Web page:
Fixed indexed annuities are a great way to put your money to work in a safe and secure way. They are usually sold in the anticipation of market-like returns but there is a lot of misunderstanding about what that actually means. Market-like returns is not market returns which is a good thing and a bad thing depending on how you look at it.
Since fixed indexed annuities are not invested in the market they carry zero market risk. That does not mean there is no risk. Every time you invest money in one place there is always the risk of lost opportunity to invest in other investments that may have been more profitable. For our purposes we have to compare apples to apples.
To compare apples to apples cap rates and payouts come into play. In the equity market or more specifically stock mutual funds the value of your principal goes up and down based on the value of the stocks inside the fund. In an indexed annuity there is no fluctuation. The daily ups and downs as well as the monthly fluctuations do not exist. Only the amount of interest you earn fluctuates and not your principle. In an indexed annuity the interest you earn is only paid out one time per year and in some contracts the payout can be up to once every 5 years.
Do you check your mutual fund values every day? Well you shouldn’t! But that is another topic completely. With a fixed indexed annuity you only get paid one time per year. But how do you get paid? If you are a chronic market watcher then you need to be clear on the fact that you can’t do that with the annuity.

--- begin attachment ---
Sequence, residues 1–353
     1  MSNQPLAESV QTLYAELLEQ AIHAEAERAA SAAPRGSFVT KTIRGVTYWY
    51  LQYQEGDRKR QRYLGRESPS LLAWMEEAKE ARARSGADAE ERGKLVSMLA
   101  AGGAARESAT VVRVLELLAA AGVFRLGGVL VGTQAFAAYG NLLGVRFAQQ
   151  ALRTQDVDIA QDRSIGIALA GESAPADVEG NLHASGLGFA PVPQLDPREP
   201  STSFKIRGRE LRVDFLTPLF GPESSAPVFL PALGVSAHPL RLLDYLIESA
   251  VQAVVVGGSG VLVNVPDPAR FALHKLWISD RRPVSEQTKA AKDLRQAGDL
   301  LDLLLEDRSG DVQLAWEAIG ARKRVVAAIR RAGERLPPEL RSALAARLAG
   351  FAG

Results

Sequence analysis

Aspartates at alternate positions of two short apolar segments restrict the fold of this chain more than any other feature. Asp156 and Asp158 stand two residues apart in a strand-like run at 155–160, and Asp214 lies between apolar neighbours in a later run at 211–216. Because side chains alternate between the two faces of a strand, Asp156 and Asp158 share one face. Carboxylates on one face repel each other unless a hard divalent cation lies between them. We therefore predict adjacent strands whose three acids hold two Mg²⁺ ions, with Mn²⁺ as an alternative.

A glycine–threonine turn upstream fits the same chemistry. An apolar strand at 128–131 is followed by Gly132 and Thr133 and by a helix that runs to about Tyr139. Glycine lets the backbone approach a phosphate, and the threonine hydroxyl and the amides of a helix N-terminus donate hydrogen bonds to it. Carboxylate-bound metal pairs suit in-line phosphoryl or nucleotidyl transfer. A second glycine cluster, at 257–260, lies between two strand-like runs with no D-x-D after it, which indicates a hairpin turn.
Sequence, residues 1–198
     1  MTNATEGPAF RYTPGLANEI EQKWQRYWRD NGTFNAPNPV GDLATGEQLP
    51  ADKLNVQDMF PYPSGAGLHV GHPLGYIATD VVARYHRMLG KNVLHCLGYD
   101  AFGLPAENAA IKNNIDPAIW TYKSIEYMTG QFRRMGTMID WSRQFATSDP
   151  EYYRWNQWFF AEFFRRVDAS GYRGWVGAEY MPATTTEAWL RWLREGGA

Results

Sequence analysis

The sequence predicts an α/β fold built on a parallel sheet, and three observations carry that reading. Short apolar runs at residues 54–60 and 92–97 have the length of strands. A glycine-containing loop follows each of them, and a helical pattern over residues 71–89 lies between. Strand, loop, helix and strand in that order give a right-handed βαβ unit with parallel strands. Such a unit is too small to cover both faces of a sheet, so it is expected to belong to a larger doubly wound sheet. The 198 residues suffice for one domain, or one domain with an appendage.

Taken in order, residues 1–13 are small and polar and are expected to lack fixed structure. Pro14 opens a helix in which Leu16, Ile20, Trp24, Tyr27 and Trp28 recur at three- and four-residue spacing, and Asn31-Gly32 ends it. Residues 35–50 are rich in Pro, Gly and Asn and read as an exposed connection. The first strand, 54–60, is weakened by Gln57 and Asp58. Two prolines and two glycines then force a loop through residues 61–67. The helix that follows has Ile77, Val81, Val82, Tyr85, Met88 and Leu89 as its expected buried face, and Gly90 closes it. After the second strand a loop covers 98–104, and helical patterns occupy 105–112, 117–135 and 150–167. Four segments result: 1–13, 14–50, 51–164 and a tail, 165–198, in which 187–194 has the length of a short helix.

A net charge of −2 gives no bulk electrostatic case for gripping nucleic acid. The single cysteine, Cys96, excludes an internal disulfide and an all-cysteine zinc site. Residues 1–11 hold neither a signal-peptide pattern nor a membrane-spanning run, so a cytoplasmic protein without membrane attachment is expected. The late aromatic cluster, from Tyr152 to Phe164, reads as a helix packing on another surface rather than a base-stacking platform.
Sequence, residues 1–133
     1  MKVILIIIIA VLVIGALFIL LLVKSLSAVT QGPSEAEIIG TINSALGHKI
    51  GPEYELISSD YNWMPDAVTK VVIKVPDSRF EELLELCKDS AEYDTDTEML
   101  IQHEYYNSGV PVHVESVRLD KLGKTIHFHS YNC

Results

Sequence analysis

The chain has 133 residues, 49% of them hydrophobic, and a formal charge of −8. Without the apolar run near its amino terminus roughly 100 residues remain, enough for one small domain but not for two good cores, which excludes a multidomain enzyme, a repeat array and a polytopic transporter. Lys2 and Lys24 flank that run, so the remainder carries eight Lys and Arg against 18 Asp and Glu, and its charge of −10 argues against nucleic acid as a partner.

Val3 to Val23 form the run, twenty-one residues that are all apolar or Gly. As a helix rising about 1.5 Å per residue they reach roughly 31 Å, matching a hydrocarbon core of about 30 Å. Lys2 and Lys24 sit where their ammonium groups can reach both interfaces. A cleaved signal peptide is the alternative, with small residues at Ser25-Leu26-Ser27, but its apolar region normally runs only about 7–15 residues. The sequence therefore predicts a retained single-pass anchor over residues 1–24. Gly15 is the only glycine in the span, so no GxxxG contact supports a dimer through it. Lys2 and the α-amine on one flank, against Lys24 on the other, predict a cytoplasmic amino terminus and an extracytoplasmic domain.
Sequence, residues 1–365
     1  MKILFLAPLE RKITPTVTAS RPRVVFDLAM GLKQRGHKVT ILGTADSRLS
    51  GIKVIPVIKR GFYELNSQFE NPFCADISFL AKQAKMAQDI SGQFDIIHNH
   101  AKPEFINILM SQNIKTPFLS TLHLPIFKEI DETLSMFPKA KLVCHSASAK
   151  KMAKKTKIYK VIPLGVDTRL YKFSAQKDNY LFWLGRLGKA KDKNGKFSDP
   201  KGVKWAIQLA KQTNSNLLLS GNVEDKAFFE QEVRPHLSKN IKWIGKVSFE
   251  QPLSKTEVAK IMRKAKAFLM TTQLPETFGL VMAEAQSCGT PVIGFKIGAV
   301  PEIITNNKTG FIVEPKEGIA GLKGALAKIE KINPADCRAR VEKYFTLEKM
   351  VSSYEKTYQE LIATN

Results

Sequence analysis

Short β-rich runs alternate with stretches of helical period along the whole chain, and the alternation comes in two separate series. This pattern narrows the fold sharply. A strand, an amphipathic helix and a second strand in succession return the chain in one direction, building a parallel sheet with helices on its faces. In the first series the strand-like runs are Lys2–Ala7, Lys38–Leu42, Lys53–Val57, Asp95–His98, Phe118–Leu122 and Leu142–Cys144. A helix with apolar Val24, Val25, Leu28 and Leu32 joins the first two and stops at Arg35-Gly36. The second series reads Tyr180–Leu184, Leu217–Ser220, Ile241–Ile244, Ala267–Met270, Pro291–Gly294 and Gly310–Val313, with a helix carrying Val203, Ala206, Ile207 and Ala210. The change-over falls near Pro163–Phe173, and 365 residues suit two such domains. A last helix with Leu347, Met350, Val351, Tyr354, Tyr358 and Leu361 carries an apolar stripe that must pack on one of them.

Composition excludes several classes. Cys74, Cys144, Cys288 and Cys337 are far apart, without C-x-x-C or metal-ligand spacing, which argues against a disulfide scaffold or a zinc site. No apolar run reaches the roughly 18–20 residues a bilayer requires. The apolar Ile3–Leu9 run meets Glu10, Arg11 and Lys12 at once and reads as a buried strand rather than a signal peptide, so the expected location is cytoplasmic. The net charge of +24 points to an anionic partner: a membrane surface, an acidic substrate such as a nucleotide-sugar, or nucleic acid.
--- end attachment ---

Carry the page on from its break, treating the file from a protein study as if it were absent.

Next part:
The insurance company has guaranteed that you will never lose money. There are also state guarantees to consider. In order to be able to make that promise they have also put a limit on how much you can earn. The limit comes in two forms but mostly in just one. The first is participation rates and second is cap rates.
Participation rates are still used but seem to be slowly going away with new product offerings. They are still included as a feature because originally they were a big issue and frankly a major deterrent for using indexed annuities. Here is how it works. An 80% participation rate means that if the market earns 10% then you get 8%. A60% participation means that if the market earns 10% you only get 6%. Most indexed annuities do not use participation rates anymore for the simple reason that people just don’t like the idea. While it’s not great it can still be better than losing 40% in the market like a lot of people have in recent years. Cap rates are a little bit different but not necessarily better. They just sound better.
Cap rates are simply a cap on earnings. How they work is much more complicated. Consider there are several different options. Your interest is calculated based directly on your cap rates. If you have an annual cap of 7.5% then that is the most you can earn. If the market goes down then you will earn 0.0% but you will not lose money. If the market is up for the year but more than 7.5% then you only earn 7.5%.
There are several other payout methods that require a little more study. For example the monthly sum method adds up all of the monthly earnings for the year with caps that allow much more possible interest. Some contracts allow a 2-3% monthly cap with is a 24-36% possible earnings with zero loss. Wow! But there is a catch. They also add in every negative month without a cap on the downside. So a 2% gain every month but one is 22% profit but adding in one month of 10% loss lowers the returns to 12%.
How you get paid in a fixed index annuity needs to be clearly understood before investing. With cap rates and participation rates it can be confusing. Comparing cap rates should be essential especially if you already have an annuity with low caps. Newer contracts tend to have other features that make a change worthwhile as well. Be sure to consult with a competent insurance agent before make any changes to your investments.